President Donald Trump last week unveiled a $4.1 trillion spending plan that imposes deep cuts in programs for the poor and low-income Americans such as Medicaid and food stamps while boosting spending for defense and border security.
The budget plan calls for boosting defense spending by $54 billion, a 10 percent increase, for this year, with that increase financed by an equal cut to nondefense programs.
Trump’s budget for the fiscal year beginning October 1 relies on faster economic growth and steep cuts to social programs to balance the budget on the backs of the poor over the next decade.
The budget is harsh on the poor and low-income Americans.
Trump’s plan calls for repealing and replacing President Barack Obama’s health care law, cutting Medicaid, eliminating student loan subsidies and sharply slashing food stamps.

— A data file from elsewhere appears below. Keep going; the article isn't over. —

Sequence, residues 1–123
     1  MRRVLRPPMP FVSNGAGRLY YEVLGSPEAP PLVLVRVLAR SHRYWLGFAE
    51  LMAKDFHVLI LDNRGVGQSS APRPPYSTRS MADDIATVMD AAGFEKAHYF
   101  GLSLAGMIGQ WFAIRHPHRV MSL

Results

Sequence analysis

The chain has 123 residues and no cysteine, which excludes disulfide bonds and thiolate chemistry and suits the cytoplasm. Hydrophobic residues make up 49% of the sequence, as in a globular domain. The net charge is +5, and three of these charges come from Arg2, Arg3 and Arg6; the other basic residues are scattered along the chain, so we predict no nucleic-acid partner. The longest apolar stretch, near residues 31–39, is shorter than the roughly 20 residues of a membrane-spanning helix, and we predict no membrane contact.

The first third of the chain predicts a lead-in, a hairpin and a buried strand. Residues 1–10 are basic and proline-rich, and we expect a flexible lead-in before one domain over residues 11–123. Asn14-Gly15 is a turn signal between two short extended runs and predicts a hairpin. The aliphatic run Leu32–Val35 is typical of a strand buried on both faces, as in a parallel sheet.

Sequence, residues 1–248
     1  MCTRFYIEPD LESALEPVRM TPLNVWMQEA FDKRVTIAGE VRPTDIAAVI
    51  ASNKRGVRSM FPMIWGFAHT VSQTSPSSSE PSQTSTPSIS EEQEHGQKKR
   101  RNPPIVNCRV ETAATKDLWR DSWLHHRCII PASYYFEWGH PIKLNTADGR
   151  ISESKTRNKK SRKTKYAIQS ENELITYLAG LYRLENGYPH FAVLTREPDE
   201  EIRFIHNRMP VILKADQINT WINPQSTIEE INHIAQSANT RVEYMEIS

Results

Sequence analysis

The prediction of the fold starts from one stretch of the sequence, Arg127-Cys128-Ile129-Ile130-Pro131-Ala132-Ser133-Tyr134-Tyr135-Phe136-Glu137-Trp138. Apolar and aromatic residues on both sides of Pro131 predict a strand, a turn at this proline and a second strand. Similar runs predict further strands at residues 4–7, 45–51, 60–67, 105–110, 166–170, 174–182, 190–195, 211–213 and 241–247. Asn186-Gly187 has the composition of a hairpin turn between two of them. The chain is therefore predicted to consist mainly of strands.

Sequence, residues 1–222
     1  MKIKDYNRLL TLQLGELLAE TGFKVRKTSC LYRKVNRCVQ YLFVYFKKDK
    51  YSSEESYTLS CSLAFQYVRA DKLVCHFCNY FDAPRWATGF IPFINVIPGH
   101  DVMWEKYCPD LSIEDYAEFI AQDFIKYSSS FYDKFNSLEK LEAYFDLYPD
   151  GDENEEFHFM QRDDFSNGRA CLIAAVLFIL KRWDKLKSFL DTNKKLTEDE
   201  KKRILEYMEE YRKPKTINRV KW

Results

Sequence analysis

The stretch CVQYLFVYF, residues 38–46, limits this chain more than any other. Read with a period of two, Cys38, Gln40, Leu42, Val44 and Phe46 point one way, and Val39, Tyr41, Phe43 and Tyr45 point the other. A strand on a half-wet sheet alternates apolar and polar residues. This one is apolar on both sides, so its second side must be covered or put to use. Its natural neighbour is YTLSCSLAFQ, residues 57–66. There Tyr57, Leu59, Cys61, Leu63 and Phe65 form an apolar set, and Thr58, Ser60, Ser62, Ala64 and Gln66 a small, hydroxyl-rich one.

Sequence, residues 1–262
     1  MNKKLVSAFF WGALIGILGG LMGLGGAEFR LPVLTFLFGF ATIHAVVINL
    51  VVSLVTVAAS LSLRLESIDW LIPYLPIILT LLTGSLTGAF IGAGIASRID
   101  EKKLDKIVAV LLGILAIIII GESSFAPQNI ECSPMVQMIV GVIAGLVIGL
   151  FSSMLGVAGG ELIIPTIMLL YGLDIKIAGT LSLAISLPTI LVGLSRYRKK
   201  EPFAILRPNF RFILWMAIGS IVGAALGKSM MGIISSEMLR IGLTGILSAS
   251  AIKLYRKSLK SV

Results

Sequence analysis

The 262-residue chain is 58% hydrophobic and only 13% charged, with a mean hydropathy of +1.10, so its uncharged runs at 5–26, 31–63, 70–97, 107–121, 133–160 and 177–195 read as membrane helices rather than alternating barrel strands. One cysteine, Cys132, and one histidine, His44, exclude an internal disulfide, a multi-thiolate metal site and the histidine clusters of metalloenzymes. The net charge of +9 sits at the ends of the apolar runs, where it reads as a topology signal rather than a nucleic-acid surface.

“We need people to go to work,” White House Budget director Mick Mulvaney told reporters at a briefing Monday. “If you are on food stamps, we need you to go to work. If you are on disability and you should not be, we need you to go back to work.”
The proposed cuts to food stamp cuts would hurt millions who currently depend on it and cuts to Medicaid could deny nursing home care to millions of elderly poor people.
In 10 years, there would be a $191 billion reduction in food stamps or almost 30 percent. The food stamp program serves about 42 million people.
Trump’s budget also includes reductions in pension benefits for federal workers, in part by requiring employees to make higher contributions.
The Trump budget guts social programs while sharply reducing taxes for the wealthy including major cuts to estate, capital gains and business tax rates.